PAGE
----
July 8, 2016

The exhibit comprises two ”infinity rooms” Kusama constructed. The rooms’ walls, ceilings and floors are either mirrors or other reflective surfaces, creating the illusion that everything inside the room repeats in an infinite amount of space.

Vertigo-inducing? Sure. What Kusama probably doesn’t realize is that a bathroom in my home has mirrors that span from the top of the room to the bottom, making for an incredibly distracting experience when someone attempts to do their business.

So when I heard that MFAH opened an installation full of mirror-enclosed rooms, I was reluctant to pay money to see what was in my very own home. My judgment couldn’t have been more wrong. More wrong as the most wrong my life had ever led me to be.

The first infinity room, titled “Love is Calling,” features glow-in-the-dark tentacles that constantly change color and reach from the ceiling and the floor. Kusama’s recital of her poem, “Residing in a Castle of Shed Tears,” echoes around the room.

(Sadde captures senior Matthew Fastow in the room’s surroundings).

A torrent of different colors bombarded my eyes the moment the door opened; the blur of red, green, blue and yellow lights all struck me as overdone and a bit tacky. Kusama’s surprisingly harsh and cold-sounding voice as she read her love poem slammed against my ears instead of sweetly dripping into them.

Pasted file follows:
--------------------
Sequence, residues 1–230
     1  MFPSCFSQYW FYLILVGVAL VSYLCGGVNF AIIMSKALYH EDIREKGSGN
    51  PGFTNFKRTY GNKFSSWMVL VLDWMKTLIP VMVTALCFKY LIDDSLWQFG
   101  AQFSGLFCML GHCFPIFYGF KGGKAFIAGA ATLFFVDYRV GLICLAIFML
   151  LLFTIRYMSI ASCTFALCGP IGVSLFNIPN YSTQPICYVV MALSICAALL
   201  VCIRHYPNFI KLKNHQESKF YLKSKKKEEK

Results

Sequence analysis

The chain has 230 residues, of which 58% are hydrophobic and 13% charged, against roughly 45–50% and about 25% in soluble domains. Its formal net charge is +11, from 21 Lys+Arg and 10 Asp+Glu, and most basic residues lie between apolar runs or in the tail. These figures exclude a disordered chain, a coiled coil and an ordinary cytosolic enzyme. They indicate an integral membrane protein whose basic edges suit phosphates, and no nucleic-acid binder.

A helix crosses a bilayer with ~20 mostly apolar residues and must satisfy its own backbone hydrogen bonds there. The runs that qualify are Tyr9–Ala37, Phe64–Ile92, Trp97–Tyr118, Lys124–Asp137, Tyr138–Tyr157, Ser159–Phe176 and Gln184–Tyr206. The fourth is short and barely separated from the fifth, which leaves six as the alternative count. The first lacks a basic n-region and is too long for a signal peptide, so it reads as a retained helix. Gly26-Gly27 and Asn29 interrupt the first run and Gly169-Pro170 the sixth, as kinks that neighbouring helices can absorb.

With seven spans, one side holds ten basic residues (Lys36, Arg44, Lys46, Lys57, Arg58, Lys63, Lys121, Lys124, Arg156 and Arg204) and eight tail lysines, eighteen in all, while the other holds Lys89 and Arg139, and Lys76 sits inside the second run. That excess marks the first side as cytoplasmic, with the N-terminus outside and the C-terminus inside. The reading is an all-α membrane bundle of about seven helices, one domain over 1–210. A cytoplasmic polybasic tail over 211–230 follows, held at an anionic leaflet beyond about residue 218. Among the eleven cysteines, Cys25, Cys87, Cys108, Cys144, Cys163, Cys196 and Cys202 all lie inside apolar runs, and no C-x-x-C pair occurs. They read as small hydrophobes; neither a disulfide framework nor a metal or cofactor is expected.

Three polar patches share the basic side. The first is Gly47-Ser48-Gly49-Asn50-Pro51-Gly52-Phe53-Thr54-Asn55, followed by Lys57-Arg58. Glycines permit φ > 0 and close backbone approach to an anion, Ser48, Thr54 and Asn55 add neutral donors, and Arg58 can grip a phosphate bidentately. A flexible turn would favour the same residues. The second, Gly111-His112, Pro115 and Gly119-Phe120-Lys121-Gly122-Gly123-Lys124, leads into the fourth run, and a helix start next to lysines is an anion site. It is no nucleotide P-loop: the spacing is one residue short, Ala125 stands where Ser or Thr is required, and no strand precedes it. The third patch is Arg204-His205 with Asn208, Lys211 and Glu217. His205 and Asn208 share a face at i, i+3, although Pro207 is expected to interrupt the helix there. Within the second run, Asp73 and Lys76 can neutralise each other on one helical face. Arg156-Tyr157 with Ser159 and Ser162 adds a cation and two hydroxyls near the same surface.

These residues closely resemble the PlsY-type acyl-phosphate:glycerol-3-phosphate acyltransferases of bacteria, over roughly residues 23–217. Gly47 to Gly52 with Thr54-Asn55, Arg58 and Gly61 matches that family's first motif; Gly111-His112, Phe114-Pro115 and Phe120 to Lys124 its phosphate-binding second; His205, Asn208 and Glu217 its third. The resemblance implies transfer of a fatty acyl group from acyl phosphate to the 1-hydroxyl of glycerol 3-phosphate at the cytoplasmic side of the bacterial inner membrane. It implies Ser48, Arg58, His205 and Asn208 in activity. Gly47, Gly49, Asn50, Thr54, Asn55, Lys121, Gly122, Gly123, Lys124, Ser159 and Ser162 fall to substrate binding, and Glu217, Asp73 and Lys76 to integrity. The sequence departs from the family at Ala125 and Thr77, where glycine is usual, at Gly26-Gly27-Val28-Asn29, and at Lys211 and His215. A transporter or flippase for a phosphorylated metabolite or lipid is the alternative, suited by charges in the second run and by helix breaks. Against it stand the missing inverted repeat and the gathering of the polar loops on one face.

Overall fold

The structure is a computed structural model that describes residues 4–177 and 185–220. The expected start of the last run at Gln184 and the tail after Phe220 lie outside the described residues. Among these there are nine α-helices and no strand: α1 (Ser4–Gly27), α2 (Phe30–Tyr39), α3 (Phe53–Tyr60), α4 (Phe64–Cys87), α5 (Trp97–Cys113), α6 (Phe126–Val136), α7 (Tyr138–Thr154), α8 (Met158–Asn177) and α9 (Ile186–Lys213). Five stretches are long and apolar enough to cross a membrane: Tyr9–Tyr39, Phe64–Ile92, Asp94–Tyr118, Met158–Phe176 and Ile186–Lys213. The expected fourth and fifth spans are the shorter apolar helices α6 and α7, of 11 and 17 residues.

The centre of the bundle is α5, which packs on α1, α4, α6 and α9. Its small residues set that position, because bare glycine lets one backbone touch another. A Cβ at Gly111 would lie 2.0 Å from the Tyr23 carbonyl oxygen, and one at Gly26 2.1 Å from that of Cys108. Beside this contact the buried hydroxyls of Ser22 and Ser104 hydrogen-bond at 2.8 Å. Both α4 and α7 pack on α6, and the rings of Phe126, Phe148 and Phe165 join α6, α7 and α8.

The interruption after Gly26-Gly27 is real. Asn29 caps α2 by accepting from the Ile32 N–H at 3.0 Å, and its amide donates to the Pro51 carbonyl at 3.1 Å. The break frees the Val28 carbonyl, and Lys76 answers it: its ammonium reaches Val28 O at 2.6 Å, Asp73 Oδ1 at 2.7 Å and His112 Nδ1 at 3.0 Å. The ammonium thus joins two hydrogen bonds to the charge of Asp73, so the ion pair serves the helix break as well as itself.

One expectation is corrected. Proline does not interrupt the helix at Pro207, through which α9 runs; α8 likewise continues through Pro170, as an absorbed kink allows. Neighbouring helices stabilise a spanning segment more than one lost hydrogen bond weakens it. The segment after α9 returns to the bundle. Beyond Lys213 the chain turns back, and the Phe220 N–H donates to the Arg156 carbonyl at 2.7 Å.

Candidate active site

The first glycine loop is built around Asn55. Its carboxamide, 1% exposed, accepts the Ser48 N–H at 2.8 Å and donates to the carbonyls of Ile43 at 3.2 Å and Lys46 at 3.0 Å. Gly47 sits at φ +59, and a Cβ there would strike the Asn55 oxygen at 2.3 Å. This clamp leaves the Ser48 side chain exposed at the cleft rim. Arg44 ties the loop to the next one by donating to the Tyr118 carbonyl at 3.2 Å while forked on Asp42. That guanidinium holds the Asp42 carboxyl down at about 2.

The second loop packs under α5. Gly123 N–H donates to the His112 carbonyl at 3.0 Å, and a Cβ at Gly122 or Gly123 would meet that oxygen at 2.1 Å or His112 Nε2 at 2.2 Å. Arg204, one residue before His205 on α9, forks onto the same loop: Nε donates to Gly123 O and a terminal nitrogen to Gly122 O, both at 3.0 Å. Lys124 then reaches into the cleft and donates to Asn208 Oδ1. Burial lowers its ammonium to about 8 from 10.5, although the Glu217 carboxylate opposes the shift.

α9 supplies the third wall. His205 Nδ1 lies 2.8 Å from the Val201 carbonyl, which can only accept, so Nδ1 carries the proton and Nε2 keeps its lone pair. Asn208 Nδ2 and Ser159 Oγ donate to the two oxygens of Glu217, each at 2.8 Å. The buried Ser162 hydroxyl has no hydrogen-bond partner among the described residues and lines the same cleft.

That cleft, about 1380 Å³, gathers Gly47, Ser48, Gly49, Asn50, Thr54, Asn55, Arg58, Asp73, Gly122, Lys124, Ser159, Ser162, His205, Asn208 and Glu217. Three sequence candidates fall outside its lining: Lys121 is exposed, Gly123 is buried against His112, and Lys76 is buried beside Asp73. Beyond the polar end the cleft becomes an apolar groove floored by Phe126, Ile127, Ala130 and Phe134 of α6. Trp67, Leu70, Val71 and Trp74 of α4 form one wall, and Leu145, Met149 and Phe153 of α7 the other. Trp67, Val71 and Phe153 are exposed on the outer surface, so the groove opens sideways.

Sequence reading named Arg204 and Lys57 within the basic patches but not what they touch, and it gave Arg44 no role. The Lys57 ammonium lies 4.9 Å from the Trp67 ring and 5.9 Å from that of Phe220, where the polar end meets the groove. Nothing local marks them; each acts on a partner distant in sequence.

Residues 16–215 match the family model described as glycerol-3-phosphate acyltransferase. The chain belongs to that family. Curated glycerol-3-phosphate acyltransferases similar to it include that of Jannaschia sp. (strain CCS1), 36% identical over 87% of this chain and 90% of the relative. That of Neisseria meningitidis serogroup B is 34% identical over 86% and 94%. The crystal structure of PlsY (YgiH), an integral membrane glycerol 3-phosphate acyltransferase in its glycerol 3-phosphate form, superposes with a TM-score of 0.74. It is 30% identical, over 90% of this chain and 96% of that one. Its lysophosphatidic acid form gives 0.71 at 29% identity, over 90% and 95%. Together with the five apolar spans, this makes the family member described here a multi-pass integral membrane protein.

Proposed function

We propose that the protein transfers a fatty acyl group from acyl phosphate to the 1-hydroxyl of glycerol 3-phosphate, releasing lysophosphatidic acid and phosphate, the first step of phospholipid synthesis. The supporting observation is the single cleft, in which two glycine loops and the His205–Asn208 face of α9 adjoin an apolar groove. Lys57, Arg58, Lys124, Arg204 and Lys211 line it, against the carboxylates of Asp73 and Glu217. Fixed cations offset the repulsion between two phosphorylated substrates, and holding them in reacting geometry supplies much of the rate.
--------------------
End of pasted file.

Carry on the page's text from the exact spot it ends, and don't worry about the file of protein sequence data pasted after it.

After reeling from the initial shock, it was time to reevaluate and reflect on what everything meant (with Kusama blaring in my ears and all around me). After all, it’s all too possible that our definitions of love differ ― which is exactly the point of “Love is Calling.” The installation gives a peek into Kusama’s distinct definition of love.

Upon closer look, I noted how gently the colors changed, reaching out tenderly for one another. In this way, Kusama communicated a fundamental part of love: two entities grow towards each other to achieve a state of connectedness and completeness.

While the tentacles portray the positive aspects love, Kusama’s poem conveys its difficulties. Her poem is more blunt than I would expect, but it is rooted in her belief that love is not clean-cut or constant. Problems arise in relationships, and they need to be worked out.

Bearing all of this in mind, my opinion of “Kusama: At the End of the Universe” shifted from doubtful to tremendous. Even more exciting yet, I still hadn’t experienced the final installment.

  

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